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Is it possible for the terminal to detect < Shift-Enter > or < Control-Enter > keypresses?

I am trying to configure vim to do key mappings that use these sequences, and while they work fine in gvim, they don't seem to work in any terminal console.

The curious thing is that although < C-Enter > is not detected in vim, mapping < Enter > to < Esc > maps properly, but then pressing < C-Enter > behaves like < Enter >!

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Do you use the vim or vi in the terminal? –  Mykola Golubyev Feb 28 '09 at 15:01

2 Answers 2

up vote 24 down vote accepted

Some terminals send <NL> when <C-Enter> is pressed. This is equivalent to sending <C-J>.

To find out what your terminal does with <Shift-Enter>, <Ctrl-Enter> and <Enter>, go to your terminal, type <Ctrl-V> (similar to sykora's suggestion for vim), and type in the sequence you're interested in.

Using gnome-terminal, I get the following:

  <Enter> : ^M
<S-Enter> : ^M
<C-Enter> : <NL>

Looking at man ascii indicates that ^M gives the <CR> sequence.

The answer is that it depends on the terminal, and there's an easy way to check.

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My gnome-terminal on Ubuntu sens <NL> and imap <C-J> catches it. Thanks! –  Ferdinand Prantl Jan 12 at 14:28

Gvim runs its own manager for keystroke handling and so can pick up all the various key combinations. Vim is reliant on the specific terminal for passing on the particular keypress, so keyhandling is only as good or varied as the terminal is.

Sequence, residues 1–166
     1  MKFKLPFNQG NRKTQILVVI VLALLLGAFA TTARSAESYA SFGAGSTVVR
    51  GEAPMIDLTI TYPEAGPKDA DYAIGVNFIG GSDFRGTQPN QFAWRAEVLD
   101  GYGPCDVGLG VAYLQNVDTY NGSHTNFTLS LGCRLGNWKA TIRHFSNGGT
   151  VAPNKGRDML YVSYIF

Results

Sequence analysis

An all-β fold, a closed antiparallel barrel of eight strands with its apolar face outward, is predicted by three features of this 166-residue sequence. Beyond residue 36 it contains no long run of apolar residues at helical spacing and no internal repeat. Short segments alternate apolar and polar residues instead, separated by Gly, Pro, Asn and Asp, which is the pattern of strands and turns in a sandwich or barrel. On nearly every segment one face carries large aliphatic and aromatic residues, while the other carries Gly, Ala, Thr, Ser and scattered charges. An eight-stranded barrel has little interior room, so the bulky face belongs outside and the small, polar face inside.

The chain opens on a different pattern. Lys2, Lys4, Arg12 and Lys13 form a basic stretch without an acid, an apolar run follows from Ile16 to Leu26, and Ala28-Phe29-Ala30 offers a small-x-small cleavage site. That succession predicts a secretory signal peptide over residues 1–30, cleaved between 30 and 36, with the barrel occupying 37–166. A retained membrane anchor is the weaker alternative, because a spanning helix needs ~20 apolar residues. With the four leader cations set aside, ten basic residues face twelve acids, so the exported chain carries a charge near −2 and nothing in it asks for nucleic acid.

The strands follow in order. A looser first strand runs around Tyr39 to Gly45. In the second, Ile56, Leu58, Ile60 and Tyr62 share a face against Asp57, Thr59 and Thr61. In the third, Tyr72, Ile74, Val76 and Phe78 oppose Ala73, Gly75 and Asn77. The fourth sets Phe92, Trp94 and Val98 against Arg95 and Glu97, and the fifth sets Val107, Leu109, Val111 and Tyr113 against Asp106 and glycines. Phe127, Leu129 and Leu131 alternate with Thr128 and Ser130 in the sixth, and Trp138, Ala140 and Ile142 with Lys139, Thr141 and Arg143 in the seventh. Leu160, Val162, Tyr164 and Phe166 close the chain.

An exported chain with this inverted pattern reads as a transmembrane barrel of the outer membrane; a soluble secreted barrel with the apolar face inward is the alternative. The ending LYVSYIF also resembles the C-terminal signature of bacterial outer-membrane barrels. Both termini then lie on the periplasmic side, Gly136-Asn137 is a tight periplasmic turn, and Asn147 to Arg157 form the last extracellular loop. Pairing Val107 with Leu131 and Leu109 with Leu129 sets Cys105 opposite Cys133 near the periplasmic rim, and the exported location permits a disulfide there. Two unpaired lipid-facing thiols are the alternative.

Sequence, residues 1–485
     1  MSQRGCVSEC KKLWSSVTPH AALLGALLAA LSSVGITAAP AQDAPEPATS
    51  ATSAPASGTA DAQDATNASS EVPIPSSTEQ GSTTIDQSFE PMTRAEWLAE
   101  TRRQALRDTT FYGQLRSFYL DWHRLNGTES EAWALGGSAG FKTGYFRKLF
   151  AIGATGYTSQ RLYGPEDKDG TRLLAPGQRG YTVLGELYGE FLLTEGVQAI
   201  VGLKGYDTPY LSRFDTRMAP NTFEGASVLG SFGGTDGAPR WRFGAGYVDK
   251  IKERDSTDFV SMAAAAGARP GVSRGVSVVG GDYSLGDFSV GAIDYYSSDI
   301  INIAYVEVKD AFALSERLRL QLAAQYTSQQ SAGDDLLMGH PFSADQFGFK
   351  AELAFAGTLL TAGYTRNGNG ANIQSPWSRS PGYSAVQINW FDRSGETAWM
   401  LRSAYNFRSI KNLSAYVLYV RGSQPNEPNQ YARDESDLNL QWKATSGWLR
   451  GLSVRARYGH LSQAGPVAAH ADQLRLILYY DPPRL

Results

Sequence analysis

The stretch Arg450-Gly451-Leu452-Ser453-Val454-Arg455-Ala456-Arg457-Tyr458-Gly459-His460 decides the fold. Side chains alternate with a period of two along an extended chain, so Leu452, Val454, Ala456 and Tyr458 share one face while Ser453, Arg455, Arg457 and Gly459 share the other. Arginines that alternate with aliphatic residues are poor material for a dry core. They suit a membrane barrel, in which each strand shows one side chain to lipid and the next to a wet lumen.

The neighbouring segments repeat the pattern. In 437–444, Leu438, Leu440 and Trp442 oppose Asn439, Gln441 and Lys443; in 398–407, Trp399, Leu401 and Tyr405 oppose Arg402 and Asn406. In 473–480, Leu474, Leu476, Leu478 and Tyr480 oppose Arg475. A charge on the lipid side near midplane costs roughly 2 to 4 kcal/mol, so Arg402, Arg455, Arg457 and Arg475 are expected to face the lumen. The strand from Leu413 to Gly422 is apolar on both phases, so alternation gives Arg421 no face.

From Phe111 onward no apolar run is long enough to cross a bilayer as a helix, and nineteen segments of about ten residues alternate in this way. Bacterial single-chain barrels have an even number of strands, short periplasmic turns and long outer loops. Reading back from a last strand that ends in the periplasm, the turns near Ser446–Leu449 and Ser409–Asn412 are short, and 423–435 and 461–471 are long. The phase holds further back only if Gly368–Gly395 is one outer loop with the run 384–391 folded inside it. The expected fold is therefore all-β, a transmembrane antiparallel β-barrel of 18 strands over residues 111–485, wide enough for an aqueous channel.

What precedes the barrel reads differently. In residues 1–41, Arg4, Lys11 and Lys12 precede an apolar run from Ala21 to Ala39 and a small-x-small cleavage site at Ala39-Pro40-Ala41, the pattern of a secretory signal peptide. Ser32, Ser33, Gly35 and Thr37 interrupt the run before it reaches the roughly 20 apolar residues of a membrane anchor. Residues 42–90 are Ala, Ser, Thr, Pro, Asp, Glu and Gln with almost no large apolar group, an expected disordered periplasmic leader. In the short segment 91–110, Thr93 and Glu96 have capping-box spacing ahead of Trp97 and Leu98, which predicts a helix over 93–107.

One way you can find out whether you can do what you want to do is to use the key to find out what is inserted. eg Type:

:<C-V><C-Enter>

ie actually type in the combination you want to press after having typed the combination Control-V. After that do the same thing for enter, ie

:<C-V><Enter>

If they yield the same code, then the terminal interprets both key combinations as the same keycode, and you can't bind them without messing with the terminal.

In my terminal (urxvt), Control-Enter, Shift-Enter and Enter (by itself) all produce the ^M character, meaning I can't map one without mapping the other. The same goes for Control-Tab and Control-I, and Control-Space and Control-@

EDIT: Use C-Q instead of C-V for Windows.

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It seems that in the terminal different codes are in fact generated: gvim: <C-V><Enter> produces ^M vim: <C-V><Enter> produces ^M gvim: <C-V><C-Enter> produces <C-CR> vim: <C-V><C-Enter> produces ^@ However, I can't seem to map ^@ appropriately, when using: map ^@ command –  Nicolas Wu Feb 28 '09 at 16:32
    
What terminal are you using? –  sykora Feb 28 '09 at 17:47
    
Using gnome-terminal. –  Nicolas Wu Feb 28 '09 at 18:01
    
See vim :help :NL-used-for-Nul for why I got the result I did. –  Nicolas Wu Feb 28 '09 at 18:40

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